(Table 1) Quantitative analysis of mollusk taxa from surface sediment samples in the Golfe d'Arguin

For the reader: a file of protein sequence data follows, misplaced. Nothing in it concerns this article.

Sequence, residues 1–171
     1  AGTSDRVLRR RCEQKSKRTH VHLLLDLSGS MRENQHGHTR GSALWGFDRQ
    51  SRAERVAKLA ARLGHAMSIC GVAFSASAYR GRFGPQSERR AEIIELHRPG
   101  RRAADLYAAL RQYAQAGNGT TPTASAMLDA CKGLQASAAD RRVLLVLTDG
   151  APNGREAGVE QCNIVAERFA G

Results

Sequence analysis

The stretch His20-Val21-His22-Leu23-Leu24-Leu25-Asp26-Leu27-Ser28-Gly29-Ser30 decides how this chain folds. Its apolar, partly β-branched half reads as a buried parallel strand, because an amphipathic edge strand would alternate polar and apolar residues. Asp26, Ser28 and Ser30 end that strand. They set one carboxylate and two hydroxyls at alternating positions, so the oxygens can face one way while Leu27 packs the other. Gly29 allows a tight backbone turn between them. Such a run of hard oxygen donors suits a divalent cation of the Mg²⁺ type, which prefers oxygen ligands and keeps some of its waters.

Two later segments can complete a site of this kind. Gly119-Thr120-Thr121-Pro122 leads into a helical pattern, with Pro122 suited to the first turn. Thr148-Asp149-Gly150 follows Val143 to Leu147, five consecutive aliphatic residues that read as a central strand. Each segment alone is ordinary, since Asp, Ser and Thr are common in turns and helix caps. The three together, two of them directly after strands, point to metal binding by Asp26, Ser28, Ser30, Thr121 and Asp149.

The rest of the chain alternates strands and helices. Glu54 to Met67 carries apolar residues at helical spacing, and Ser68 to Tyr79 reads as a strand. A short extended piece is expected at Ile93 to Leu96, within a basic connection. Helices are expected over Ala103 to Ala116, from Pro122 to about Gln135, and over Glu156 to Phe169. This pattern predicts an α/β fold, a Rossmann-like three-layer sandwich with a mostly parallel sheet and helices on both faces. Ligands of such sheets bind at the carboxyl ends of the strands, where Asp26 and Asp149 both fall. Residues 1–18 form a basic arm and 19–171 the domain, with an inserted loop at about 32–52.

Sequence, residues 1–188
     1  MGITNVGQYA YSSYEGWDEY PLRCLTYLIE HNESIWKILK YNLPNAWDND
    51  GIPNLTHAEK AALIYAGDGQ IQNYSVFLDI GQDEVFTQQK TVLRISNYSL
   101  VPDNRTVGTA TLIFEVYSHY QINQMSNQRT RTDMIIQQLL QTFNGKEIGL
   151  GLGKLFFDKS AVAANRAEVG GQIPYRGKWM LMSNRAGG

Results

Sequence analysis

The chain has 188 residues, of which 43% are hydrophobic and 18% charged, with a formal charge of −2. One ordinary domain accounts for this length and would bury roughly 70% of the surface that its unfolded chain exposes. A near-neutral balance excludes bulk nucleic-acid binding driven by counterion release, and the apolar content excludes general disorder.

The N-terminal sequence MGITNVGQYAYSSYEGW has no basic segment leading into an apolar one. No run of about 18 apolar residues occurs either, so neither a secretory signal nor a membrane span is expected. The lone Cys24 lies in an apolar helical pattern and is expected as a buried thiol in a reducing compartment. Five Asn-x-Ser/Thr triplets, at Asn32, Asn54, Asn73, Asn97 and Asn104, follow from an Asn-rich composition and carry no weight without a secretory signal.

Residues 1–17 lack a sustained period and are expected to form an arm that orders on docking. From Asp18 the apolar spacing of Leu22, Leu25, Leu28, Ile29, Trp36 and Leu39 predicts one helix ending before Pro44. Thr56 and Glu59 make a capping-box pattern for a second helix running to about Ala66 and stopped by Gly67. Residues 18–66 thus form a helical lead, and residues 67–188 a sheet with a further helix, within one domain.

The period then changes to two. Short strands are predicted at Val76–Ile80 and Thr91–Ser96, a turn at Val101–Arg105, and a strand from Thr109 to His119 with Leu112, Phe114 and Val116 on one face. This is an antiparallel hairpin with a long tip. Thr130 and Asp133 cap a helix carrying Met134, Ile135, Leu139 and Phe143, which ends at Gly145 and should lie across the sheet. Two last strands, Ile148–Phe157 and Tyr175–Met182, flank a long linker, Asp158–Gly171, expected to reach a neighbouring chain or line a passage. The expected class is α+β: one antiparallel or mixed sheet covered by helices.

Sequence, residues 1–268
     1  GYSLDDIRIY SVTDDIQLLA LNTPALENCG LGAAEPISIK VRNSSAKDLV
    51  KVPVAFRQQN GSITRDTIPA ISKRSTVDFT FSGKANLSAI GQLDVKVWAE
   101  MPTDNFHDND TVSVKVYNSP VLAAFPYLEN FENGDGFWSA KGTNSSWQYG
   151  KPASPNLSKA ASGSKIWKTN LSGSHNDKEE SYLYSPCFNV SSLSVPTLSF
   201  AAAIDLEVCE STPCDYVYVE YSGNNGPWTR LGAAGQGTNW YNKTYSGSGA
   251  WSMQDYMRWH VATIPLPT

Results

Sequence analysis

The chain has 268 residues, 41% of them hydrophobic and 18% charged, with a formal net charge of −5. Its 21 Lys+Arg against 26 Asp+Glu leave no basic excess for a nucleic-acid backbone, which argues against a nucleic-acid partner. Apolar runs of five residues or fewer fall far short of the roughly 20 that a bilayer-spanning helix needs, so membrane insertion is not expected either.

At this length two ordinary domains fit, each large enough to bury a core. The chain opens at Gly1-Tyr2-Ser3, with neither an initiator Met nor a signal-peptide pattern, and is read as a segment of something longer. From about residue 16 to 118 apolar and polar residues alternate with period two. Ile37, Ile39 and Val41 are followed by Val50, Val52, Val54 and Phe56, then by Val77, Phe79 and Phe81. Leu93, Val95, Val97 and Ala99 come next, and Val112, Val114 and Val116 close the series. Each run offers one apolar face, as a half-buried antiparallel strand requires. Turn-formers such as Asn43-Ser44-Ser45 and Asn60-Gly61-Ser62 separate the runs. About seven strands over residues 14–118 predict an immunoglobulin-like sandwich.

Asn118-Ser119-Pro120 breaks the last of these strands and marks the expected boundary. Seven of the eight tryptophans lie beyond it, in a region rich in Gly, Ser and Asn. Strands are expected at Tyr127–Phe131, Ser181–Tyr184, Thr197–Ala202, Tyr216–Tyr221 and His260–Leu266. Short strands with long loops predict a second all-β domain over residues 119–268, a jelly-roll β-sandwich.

Ecological and taxonomic study of the mollusk-rich fauna of the Golfe d'Arguin, North Mauritania, investigates the various environmental influences affecting this tropical shelf. The upwelling of nutrient-rich waters leads to a highly productive environment under tropical conditions. The resulting mixed carbonate-siliciclastic sediment contains a large portion of calcareous components produced by heterotrophic organisms--e.g., mollusks, foraminifers, worms, barnacles--that are reworked on the open shelf. On the basis of mollusk assemblages, six taphocoenoses are defined, all being characterized by a mixed fauna of tropical (e.g., Tellina densestriata), subtropical (e.g., Macoma cumana) and temperate (e.g., Spisula subtruncata) species. Differences between the assemblages are related to the medium--grain size ranging from mud to gravel--that results from local hydrodynamic conditions and water depth. Among carbonate grains, Donax burnupi shells are very abundant in the swell-exposed, northern part of the Golfe d'Arguin and reflect the tropical to subtropical, high-energy, and high-nutrient waters. Mollusk assemblages are demonstrated to be a sensitive tool for deciphering complex environmental conditions in sedimentary archives.

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